Web Exclusives: On the Campus...

March 23, 2005:

Showing off; leaving ‘home’

By Christian R. Burset ’07

The Princeton Alumni Jazz Quartet arrived onstage with a mission. Tom Artin ’60, Alan Bergman ’58, Peter Blue ’58, and Ed White ’56 came to Richardson Auditorium to recreate a time when, as Artin said, “jazz was the music of choice.”

The quartet’s uniquely Princetonian first selection – “East of the Sun,” written for the Triangle Club in 1935 – drew an enthusiastic response from the audience of 500, and the musicians seemed equally excited to be back at Princeton.

“It’s nice to be the kid in the band again,” Artin joked.

The quartet was the opening act for “This is Princeton,” a Feb. 17 showcase featuring 16 faculty, staff, alumni and student performances. Jazz would yield to other sounds: the fast-paced dissonances of Lauren Carpenter ’06 and her brother David ’08 performing a Prokofiev violin sonata; the dueling tattoos of Jeff Alpert ’05 and admissions officer Kelly Sortino ’03 engaged in a tap dance “battle”; and the calm, measured voice of Professor C. K. Williams reading his poetry. It was a show without a lead act – nobody got top billing, and it would be impossible to pick a single audience favorite among the performers – but rather a community performance, designed to show off Princeton as much as the individual artists.

“This is Princeton” grew out of Tiger’s Night and Tiger’s Roar, orientation-week shows that introduce freshmen to many of Princeton’s performing groups. Based on the programs’ popularity, last year Associate Dean of Undergraduate Students Thomas Dunne and Undergraduate Student Government Projects Board co-chairs Rishi Jaitly ’04 and Jen Albinson ’05 (also a PAW columnist) decided to offer a similar program to the entire University. The event doubled as a fundraiser for Community House, a University-run community service program; nearly $3,000 was raised to support local youth arts scholarships.

“ ‘This is Princeton’ creates a forum to celebrate all the talent that makes Princeton such a special place,” Dunne said.

Nassoons President Dave Jangraw ’07 agreed (although the Nassoons’ first song, “Princeton is Free,” wistfully suggested another reason the University could be special).

“Princeton a capella is a good opportunity to share your talent with a huge variety of people,” Jangraw said. “ ‘This is Princeton’ is such a cool show because not only do we get to share our voices with others, but a variety of talents are also being shared with us.”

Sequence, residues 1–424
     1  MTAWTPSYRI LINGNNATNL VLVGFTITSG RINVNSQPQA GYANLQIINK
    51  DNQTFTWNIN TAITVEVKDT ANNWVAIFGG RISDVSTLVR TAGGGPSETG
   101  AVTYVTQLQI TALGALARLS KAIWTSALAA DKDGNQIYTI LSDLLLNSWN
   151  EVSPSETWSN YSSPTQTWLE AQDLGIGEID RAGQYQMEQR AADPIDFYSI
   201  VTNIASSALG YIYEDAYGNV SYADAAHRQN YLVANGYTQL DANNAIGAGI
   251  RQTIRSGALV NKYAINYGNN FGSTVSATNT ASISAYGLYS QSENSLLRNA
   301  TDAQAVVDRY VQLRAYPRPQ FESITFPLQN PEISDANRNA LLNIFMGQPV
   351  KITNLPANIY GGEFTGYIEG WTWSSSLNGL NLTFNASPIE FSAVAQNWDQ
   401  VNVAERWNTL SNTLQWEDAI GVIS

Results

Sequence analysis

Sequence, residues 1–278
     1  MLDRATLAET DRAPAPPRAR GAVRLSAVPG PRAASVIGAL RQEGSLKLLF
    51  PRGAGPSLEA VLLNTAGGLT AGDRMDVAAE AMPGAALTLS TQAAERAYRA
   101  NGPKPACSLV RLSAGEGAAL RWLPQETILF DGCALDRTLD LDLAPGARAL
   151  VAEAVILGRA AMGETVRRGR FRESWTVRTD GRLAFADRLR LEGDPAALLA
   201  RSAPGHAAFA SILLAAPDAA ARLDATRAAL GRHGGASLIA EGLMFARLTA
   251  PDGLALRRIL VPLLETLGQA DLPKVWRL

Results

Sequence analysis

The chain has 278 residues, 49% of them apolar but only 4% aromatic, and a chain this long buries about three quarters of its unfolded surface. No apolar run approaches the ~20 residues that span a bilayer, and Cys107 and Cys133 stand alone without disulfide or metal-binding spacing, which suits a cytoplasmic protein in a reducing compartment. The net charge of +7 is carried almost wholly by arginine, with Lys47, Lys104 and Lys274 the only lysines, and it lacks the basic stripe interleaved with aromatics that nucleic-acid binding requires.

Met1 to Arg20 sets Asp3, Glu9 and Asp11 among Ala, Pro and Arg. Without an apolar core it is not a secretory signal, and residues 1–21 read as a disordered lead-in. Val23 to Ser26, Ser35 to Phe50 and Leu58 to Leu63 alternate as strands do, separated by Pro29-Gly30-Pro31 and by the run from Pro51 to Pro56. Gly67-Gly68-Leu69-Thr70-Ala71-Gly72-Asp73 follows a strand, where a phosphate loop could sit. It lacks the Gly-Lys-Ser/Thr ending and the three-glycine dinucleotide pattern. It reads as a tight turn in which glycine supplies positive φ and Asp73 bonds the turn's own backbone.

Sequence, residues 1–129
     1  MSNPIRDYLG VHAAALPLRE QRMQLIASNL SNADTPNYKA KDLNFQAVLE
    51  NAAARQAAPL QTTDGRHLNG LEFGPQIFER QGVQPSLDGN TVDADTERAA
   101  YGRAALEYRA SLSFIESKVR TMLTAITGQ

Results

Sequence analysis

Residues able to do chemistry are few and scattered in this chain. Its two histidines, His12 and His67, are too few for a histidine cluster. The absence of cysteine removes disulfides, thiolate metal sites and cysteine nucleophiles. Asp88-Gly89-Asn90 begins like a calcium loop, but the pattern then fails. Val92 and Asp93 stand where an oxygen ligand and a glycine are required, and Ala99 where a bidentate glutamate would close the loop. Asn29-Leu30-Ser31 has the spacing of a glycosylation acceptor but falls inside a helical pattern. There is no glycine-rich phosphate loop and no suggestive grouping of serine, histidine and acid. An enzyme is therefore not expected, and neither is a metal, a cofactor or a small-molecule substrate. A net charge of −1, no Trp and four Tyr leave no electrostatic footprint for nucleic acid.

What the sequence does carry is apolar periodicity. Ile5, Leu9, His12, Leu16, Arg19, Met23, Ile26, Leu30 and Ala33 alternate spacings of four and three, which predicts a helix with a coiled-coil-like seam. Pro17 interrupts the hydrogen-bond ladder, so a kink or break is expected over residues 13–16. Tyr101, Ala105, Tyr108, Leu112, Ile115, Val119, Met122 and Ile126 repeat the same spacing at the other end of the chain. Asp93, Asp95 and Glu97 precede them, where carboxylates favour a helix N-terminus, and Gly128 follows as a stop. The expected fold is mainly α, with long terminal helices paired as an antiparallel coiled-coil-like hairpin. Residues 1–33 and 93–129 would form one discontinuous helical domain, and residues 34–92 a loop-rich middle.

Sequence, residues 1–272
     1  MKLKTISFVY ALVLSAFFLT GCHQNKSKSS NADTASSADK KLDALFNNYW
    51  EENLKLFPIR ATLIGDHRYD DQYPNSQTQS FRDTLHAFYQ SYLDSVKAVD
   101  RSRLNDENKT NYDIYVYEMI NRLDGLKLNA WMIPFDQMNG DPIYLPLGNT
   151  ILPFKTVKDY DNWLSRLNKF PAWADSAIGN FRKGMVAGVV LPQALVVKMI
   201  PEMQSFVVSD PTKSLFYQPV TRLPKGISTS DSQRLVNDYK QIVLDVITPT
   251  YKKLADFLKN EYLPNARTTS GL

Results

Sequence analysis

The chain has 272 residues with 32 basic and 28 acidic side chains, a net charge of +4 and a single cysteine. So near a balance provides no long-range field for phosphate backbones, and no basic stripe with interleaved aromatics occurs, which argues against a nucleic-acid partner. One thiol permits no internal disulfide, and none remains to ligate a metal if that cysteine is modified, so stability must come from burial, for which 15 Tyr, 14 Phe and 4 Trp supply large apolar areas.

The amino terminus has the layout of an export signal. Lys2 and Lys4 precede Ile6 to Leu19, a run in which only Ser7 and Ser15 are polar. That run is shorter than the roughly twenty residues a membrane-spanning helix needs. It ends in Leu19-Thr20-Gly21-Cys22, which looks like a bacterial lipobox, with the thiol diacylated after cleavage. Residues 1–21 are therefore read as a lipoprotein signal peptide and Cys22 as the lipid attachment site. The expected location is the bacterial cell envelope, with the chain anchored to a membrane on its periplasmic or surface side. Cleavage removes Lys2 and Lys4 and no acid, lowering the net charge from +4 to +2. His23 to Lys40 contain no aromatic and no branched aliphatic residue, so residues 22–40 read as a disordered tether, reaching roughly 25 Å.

* * *

STUDENTS LEAVING Princeton to study abroad often worry about adjusting to a foreign country, even if learning a “foreign language” only means acknowledging the New England Patriots don’t really play “football.” But during their time abroad, most Princetonians adjust quickly to their temporary homes; despite looking forward to returning to Princeton, many students find it difficult to leave.

“I felt like I had to leave home to go home,” said Christine Stahl ’06, a molecular biology major who spent the fall semester in a research program at the University of Oxford. “I made some of the most difficult goodbyes I’ve ever had to say.”

Despite spending nine hours each day in a laboratory, Stahl had a much more social experience than she had anticipated, including playing the bassoon with her college’s orchestra and with a local church.

Steve Anderson ’06 also studied in an English-speaking university this fall – in Budapest, Hungary, at the Central European University. Because it draws students from 88 nations, the University uses English as its lingua franca.

“I went because I knew I’d learn more abroad [than at Princeton],” said Anderson, a concentrator in the Woodrow Wilson School. “I knew the classes would have a different perspective and a new style, and I would learn so much from the students there. It was an incredible experience.”

According to Dean Nancy Kanach, director of the study abroad program, a record 170 students studied abroad during the last academic year – up from only 58 students 10 years earlier. Many more study or work internationally during the summer.

Students have traditionally favored the United Kingdom – over the past five years, it has been the destination for more than a quarter of those going abroad during the year – but programs in France, South Africa and Australia are also popular. Recently, Panama has ranked second in popularity, thanks to the department of evolutionary and ecological biology’s “semester in the field” there.

“Students always remark on the ways that study abroad has changed them, made them more mature, given them a new perspective on themselves and their own culture,” Kanach said. “They often come back with a new confidence in themselves and their own resourcefulness, and they take even better advantage of the faculty and resources at Princeton.”

Christian R. Burset ’07 is from Bernardsville, N.J.